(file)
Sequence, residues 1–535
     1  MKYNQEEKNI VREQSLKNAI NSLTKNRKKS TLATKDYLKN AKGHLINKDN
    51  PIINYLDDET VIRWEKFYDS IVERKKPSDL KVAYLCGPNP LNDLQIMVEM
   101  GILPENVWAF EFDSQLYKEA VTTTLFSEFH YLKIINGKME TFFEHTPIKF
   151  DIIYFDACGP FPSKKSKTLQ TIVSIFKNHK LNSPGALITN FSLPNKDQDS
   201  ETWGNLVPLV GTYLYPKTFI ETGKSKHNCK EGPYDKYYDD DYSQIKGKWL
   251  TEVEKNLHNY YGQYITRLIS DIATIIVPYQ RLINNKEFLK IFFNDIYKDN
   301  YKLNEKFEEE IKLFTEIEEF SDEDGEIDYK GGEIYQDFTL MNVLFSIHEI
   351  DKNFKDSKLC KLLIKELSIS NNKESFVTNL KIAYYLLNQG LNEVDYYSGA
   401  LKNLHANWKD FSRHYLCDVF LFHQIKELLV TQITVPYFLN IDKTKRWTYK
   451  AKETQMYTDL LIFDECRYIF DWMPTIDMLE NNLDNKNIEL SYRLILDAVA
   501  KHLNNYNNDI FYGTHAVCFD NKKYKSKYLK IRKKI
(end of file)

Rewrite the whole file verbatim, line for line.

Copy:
Sequence, residues 1–535
     1  MKYNQEEKNI VREQSLKNAI NSLTKNRKKS TLATKDYLKN AKGHLINKDN
    51  PIINYLDDET VIRWEKFYDS IVERKKPSDL KVAYLCGPNP LNDLQIMVEM
   101  GILPENVWAF EFDSQLYKEA VTTTLFSEFH YLKIINGKME TFFEHTPIKF
   151  DIIYFDACGP FPSKKSKTLQ TIVSIFKNHK LNSPGALITN FSLPNKDQDS
   201  ETWGNLVPLV GTYLYPKTFI ETGKSKHNCK EGPYDKYYDD DYSQIKGKWL
   251  TEVEKNLHNY YGQYITRLIS DIATIIVPYQ RLINNKEFLK IFFNDIYKDN
   301  YKLNEKFEEE IKLFTEIEEF SDEDGEIDYK GGEIYQDFTL MNVLFSIHEI
   351  DKNFKDSKLC KLLIKELSIS NNKESFVTNL KIAYYLLNQG LNEVDYYSGA
   401  LKNLHANWKD FSRHYLCDVF LFHQIKELLV TQITVPYFLN IDKTKRWTYK
   451  AKETQMYTDL LIFDECRYIF DWMPTIDMLE NNLDNKNIEL SYRLILDAVA
   501  KHLNNYNNDI FYGTHAVCFD NKKYKSKYLK IRKKI